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Thursday, May 16 • 4:00pm - 4:30pm
(Tough Challenges Need New Techniques) Kill-Or-Cure Remedy and Authenticity of Condition: From Weathered Paintings by Edvard Munch to Ephemeral Contemporary Art

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In an artwork, authenticity is the core quality that makes it valuable and unique. It is essential to the artwork’s identity, meaning and values, and remains the main driver of how the artwork will be experienced, understood, treated and displayed, or whether it will even be preserved at all. Evolving contemporary art conservation theory embraces J. Dewey’s aesthetics that the artwork is rooted in what the physical object and information does within human experience. This later echoed in C. Brandi’s idea that an artwork, in contrast to other physical objects, exists not only potentially, but actually when it is experienced, and is re-created every time by the beholder. As experience, it reaches beyond the present, back into the past authentic condition, and forward into future possible affordances. Consequently, the authentic condition may be fluid and different in different moments and contexts. In conservation decision making, identification of the authentic condition is a fundamental, but also very challenging task, where it is hard to reach a consensus among multiple stakeholders. Through the discursive lens, the paper explores methodological issues identifying the authenticity of condition in a group of weathered paintings by Edvard Munch associated with his “kill-or-cure remedy”, where the artist engaged the elements of nature as part of his technique that led to weathering and degradation of his paintings. With the focus on Munch’s paintings, the paper explores the issue of authenticity of condition in a context of contemporary art and draws parallels with Julian Schnabel’s weathered canvases that echo the “kill or cure remedy”, but also ephemeral art by Yoko Ono, Damian Hirst, Joseph Beys and others that embrace mutation of condition as part of their creative process. When treating ephemeral art, identification of the authentic condition(s) is critical for the treatment choices, and the decision-making process must encompass both material and non-material aspects of the artwork that may extend beyond the artwork materials and, perhaps even the original artist’s intent. Contemporary art conservation theory does not offer any straightforward methodology on how to deal with such situations. The paper emphasizes the importance of a holistic decision-making process to find a balance point where the artwork is continues to speak in its own voice, and not having that voice subjugated by evidence of the passage of time. While it may not be possible to reach a consensus among the stakeholders and avoid the dangers related to misinterpretation of the authenticity of condition, engagement in a broad discursive dialogue will greatly and significantly reduce these risks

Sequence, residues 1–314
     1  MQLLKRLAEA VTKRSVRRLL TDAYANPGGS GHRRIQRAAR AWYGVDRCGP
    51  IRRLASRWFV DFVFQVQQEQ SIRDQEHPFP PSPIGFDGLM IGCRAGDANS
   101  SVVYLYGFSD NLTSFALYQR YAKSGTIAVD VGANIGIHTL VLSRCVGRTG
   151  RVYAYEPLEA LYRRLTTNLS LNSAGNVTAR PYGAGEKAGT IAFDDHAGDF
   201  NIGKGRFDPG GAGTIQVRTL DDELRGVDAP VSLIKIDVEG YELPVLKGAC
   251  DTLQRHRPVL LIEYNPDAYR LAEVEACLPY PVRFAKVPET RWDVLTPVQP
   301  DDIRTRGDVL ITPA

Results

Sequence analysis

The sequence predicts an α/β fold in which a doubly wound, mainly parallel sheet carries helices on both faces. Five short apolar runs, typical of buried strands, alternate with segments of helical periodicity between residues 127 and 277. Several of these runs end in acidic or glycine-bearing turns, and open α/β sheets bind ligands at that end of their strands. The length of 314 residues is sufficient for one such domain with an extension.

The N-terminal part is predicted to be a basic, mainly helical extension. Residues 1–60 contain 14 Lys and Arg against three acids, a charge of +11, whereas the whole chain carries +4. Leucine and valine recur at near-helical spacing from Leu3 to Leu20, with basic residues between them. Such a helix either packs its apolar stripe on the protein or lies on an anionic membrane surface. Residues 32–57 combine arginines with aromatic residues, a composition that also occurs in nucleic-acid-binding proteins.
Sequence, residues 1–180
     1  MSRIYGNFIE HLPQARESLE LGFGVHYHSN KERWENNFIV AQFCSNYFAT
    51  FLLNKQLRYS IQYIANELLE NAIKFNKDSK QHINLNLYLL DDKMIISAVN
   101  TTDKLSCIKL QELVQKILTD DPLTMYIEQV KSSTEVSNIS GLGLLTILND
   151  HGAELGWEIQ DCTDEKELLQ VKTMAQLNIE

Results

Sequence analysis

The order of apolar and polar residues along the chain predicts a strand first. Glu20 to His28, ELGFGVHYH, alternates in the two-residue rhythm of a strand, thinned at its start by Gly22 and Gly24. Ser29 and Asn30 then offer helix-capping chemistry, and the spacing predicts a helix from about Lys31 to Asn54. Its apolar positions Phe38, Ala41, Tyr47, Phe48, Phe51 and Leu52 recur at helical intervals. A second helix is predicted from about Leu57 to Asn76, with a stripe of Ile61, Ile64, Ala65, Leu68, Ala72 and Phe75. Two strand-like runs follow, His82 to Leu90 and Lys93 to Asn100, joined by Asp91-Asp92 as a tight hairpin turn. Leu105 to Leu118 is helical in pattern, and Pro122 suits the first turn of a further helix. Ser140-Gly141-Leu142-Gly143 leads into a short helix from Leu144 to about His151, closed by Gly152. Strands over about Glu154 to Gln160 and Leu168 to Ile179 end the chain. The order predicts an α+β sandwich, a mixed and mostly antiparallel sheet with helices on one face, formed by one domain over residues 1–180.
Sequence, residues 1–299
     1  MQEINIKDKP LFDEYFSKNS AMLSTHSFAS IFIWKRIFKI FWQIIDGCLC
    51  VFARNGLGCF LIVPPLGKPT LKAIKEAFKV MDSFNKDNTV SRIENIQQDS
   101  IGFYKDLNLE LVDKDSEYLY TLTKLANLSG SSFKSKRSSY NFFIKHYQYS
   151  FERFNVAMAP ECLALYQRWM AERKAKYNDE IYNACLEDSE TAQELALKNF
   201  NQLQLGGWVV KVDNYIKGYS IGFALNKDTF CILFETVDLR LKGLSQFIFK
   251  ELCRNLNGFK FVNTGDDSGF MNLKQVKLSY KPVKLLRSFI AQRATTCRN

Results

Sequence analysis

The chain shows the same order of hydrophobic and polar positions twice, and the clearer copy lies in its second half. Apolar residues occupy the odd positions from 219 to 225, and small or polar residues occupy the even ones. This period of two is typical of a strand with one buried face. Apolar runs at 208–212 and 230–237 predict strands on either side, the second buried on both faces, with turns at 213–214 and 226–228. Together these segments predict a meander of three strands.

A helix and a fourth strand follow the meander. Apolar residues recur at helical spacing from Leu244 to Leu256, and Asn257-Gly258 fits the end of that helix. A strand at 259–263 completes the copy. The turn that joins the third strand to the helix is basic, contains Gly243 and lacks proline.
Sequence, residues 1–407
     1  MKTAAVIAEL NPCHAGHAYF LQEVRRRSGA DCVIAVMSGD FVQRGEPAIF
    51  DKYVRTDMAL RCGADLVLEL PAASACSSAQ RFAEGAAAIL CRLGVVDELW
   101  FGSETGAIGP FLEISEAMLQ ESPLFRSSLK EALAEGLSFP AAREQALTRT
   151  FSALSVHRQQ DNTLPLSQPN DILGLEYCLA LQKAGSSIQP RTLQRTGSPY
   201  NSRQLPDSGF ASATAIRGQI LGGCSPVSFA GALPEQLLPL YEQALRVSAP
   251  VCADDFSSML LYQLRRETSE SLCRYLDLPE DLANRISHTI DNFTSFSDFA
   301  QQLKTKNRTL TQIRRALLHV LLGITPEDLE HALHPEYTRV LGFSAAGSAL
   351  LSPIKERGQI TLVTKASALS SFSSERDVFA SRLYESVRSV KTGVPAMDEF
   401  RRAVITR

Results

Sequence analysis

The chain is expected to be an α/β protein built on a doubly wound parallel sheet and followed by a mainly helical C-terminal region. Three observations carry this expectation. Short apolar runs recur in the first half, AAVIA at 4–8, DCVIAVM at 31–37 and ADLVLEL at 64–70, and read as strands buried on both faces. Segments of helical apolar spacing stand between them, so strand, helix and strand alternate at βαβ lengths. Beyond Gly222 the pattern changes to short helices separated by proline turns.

avatar for Nina Olsson

Nina Olsson

Owner, Precision Mat, LLC
Nina Olsson is a conservator of paintings in private practice and researcher established in Portland, Oregon in 2001. Since 2015, Nina is also president and co-founder of Heritage Conservation Group, LLC, a group of Portland-based conservators of various specialties. From 2011-2014... Read More →

Thursday May 16, 2019 4:00pm - 4:30pm EDT
Salon B2, Uncas Ballroom
  General Session, Tough Challenges Need New Techniques
  • Ticketed Included in Main Registration
  • Authors in Publication Order Tomas Markevicius
  • Abstract ID 18923
  • Tags authenticity,condition,paintings,Edvard Munch,ephemeral art,contemporary art,modern art,authentication,kill-or-cure challenge